Following Minden Hills Mayor Brent Devolin’s announcement he won’t be running for mayor again in 2022, Ward 1 Coun. Bob Carter told The Highlander he’s vying for the top seat on council.
Carter said after Devolin declared his intentions, a number of people asked him if he was interested.
“I just decided that I didn’t want to try to mislead people or put people off. I should just decide what it is I want to do.”
He said his motivation has not changed since he initially ran and was successfully elected in 2018. For him, the big issues are housing and the environment as, “without these lakes, we have no reason to get people to come here for our economy.”
He also touched on change, saying it appears to be happening faster or differently due to population growth locally, climate, the pandemic, and a trend that is seeing municipalities generally get less provincial and federal support.
“I want to be part of the team that steers that change, steers Minden successfully through this changing environment.”
He said infrastructure is Minden Hills’ greatest challenge, using roads as an example.
“We’re in this situation where people want to borrow money for annual road repairs and upgrades. I know there’s a certain amount that has to be spent on roads but I think we need to have plans. The way budgeting is done at the municipal level, you’re almost looking at one year and you don’t know what’s coming next and when you’re going to be dropping off the edge of the cliff.”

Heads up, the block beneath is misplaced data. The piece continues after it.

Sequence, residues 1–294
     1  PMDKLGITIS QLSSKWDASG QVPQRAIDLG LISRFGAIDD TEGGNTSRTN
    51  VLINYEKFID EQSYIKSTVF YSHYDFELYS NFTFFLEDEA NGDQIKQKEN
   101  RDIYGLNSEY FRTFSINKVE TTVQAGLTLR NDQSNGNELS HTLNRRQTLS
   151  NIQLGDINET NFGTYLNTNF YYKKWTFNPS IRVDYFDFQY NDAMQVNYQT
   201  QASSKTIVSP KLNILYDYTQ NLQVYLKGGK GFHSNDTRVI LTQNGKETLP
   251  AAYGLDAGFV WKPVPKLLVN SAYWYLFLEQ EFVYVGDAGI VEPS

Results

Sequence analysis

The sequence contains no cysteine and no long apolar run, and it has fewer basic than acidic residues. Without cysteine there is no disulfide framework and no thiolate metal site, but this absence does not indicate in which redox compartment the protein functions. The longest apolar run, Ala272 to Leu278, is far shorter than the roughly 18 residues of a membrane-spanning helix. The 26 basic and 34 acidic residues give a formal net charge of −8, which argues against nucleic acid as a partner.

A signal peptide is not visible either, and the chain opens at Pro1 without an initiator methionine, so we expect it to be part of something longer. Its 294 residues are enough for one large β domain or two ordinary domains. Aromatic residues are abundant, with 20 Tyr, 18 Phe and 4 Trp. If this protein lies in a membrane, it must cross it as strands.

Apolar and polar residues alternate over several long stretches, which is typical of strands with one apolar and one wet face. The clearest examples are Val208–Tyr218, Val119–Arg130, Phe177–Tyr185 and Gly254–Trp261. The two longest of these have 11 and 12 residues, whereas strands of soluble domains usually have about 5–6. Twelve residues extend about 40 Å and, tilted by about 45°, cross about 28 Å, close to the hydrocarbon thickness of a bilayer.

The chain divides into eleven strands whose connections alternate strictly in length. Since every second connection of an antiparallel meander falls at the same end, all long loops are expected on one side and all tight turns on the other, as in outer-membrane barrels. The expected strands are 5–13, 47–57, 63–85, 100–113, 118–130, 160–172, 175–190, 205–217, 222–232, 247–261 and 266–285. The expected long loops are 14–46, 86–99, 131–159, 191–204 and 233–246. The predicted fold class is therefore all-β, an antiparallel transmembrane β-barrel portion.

He said long-term planning is needed to keep taxes at a reasonable level.
Economic development is also important, the councillor said, but barriers to attracting new business include finding staff and housing for those staff. Another hurdle is attracting service providers, including contractors.
He sits on Minden’s housing task force and the KLH Housing Corp. and is looking into getting involved with Habitat for Humanity. He said housing is a complex issue. However, he believes the move to multi-unit development is needed. He added as a driver for Meals on Wheels, he’s encountered elderly singles living in three-bedroom homes on rural roads. He said if they could find housing in town, they could move, freeing up housing stock for families. He said another challenge is the cost for housing when not on municipal sewer or water.
But he believes Minden Hills council is very supportive of housing “and would move heaven and earth to get some housing developments in here.”
Carter grew up in inner city Montreal, moving to rural Ontario in the 1980s. Now retired, the Concordia and McGill University graduate’s work life involved computer science and business administration.
“I worked mostly in heavy industries, big corporations, multi-nationals, travelled extensively, mostly doing IT and engineering work on big projects and worked as a chief information officer for most of my career and senior management, projects, strategy,” he said.
He said he’s learned in the past three years that finances and accounting are different in local government versus industry and that it takes a lot of time to get anything done. However, he said councillors are at the helm of multi-million-dollar businesses.
“If you fail, or if you don’t succeed, the taxpayers are on the hook to bail you out. It’s unlike any other type of business in that regard. You always have to be thinking about ‘what are we doing here and what is this going to mean for the taxpayers, not only today, but the year after, and the year after, and the year after’.”